• Items that encourage, glorify, or celebrate acts of violence against individuals or groups
  • Items that encourage self-mutilation, starvation or other self-harm
  • Items that promote or endorse harmful misinformation

We hope these guidelines are helpful, but we cannot catalogue every permitted or prohibited item. If you see something on Shop Nottingham that appears to violate these rules, you can report it to us. At the bottom of a listing page, you can click Report this item to Shop Nottingham. To report copyright or intellectual property infringement, please follow the instructions in Shop Nottingham’s Intellectual Property Policy.

For all other reports, or for any questions, please contact Shop Nottingham Support.

Reading Materials

In crafting these policies, we found a number of thoughtful essays and articles. Here are a few that we found illuminating:

Sexism, Racism and Other -isms in Library Materials (1973),

http://ethics.iit.edu/ecodes/node/3748

‘It is inevitable in the give and take of the democratic process that the political, the moral, or the aesthetic concepts of an individual or group will occasionally collide with those of another individual or group. In a free society each individual is free to determine for himself what he wishes to read, and each group is free to determine what it will recommend to its freely associated members. But no group has the right to take the law into its own hands, and to impose its own concept of politics or morality upon other members of a democratic society. Freedom is no freedom if it is accorded only to the accepted and the inoffensive …. We realise that application of these propositions may mean the dissemination of ideas and manners of expression that are repugnant to many persons. We do not state these propositions in the comfortable belief that what people read is unimportant. We believe rather that what people read is deeply important; that ideas can be dangerous; but that the suppression of ideas is fatal to a democratic society. Freedom itself is a dangerous way of life, but it is ours.’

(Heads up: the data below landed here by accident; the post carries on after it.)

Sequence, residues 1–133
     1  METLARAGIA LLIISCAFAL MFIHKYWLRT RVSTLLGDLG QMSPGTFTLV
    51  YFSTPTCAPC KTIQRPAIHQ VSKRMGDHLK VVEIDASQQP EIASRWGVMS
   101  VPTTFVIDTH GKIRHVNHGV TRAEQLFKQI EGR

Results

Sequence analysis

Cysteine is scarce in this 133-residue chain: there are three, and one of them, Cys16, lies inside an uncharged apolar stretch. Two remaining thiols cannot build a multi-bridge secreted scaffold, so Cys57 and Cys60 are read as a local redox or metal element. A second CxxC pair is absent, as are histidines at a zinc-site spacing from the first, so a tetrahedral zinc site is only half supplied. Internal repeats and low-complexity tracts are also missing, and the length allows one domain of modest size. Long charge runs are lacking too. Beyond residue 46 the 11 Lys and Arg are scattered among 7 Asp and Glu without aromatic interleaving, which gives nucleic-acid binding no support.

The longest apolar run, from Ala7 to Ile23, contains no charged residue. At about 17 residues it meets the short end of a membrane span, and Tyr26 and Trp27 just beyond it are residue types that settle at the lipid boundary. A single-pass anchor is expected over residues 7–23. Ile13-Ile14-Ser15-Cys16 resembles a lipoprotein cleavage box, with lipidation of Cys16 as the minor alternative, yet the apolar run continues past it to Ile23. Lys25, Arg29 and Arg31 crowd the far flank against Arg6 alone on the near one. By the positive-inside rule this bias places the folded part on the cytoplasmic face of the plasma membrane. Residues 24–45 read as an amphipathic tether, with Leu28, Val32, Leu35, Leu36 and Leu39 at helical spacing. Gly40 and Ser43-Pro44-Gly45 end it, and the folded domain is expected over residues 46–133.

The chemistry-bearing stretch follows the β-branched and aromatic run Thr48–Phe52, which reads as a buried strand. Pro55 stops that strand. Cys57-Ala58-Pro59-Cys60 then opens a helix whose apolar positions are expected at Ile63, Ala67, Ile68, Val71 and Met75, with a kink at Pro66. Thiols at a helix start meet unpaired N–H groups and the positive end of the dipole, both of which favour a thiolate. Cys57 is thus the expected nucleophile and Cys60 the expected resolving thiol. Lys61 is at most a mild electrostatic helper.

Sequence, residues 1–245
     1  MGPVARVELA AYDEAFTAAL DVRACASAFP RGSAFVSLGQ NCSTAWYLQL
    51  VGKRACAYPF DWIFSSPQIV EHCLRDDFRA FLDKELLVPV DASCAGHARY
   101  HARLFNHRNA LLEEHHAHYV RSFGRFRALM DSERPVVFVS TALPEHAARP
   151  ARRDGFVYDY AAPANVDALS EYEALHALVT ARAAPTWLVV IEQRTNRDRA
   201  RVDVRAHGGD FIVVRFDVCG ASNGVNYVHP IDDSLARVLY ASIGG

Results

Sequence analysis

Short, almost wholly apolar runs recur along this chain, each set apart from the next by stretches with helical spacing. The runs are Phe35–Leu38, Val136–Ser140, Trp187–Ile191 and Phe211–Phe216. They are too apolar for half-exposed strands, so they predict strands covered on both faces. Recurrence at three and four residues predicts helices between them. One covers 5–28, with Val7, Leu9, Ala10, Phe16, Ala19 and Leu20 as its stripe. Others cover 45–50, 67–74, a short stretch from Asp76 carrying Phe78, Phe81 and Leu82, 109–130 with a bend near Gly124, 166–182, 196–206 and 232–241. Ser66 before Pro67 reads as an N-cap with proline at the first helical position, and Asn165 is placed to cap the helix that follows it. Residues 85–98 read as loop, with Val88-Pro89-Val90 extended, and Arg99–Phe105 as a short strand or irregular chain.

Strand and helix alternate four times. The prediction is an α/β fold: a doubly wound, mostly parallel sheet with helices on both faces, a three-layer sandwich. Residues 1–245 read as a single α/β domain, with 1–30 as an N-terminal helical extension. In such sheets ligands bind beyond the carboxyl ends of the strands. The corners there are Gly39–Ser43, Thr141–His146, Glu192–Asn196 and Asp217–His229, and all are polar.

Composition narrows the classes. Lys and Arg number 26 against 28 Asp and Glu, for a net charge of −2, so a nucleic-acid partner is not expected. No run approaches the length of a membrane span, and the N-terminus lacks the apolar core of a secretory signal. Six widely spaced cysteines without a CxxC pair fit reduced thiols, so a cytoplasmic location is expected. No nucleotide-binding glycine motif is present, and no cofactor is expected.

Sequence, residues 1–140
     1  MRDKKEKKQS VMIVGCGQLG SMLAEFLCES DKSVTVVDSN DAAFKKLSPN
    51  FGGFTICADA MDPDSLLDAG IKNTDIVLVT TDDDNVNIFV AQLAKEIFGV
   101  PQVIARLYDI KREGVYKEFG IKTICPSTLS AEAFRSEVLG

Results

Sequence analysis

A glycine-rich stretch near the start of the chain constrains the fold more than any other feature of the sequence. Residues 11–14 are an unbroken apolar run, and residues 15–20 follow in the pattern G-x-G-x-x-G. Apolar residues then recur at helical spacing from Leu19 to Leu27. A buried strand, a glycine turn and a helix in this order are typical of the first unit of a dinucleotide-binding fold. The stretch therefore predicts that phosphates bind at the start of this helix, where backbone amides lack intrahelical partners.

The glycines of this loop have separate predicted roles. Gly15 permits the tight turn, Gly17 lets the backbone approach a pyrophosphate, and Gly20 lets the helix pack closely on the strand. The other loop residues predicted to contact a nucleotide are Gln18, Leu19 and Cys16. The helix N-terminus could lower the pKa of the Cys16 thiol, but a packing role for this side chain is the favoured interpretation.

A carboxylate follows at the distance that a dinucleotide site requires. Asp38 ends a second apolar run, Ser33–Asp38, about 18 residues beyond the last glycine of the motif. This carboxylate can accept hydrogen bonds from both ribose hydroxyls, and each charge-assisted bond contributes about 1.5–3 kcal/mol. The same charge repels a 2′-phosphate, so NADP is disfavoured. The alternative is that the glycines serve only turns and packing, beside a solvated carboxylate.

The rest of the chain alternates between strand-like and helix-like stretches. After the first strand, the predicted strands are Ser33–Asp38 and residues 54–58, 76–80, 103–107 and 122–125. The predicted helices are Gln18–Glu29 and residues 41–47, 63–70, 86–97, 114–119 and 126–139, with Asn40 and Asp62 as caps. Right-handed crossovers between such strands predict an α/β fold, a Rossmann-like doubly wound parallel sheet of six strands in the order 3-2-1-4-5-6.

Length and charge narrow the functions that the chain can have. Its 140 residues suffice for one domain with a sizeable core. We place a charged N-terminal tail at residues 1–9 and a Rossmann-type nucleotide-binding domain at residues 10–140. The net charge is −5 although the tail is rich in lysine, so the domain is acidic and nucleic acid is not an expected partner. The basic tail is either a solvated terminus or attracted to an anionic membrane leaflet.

How the world loved the swastika – until Hitler stole it, BBC News Magazine, 22nd October 2014

https://www.bbc.com/news/magazine-29644591

The Native American Mascot: Tribute or Stereotype? Psychology Today, 21st May 21 2012 https://www.psychologytoday.com/blog/science-small-talk/201205/the-native-american-mascot-tribute-or-stereotype

Keeping Kids From Toy Guns: How One Mother Changed Her Mind, The Atlantic, 9th August 2013

http://www.theatlantic.com/national/archive/2013/08/keeping-kids-from-toy-guns-how-one-mother-changed-her-mind/278518

Toy Guns: Do They Lead to Real-Life Violence? WebMd, 1st December 2011

http://www.webmd.com/parenting/features/toy-guns-do-they-lead-real-life-violence

Art And Violence, The Huffington Post, 18th September 2014

http://www.huffingtonpost.com/ian-buruma/art-and-violence_b_5837648.html

When the master of peace did violence, The Guardian, 25th October 2003

http://www.theguardian.com/culture/2003/oct/25/1